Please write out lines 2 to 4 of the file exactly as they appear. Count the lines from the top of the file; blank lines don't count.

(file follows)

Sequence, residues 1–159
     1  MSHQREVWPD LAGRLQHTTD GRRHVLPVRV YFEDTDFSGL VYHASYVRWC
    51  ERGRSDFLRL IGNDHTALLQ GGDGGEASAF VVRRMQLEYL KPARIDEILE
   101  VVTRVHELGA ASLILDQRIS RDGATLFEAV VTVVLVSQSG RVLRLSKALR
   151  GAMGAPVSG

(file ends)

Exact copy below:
     1  MSHQREVWPD LAGRLQHTTD GRRHVLPVRV YFEDTDFSGL VYHASYVRWC
    51  ERGRSDFLRL IGNDHTALLQ GGDGGEASAF VVRRMQLEYL KPARIDEILE
   101  VVTRVHELGA ASLILDQRIS RDGATLFEAV VTVVLVSQSG RVLRLSKALR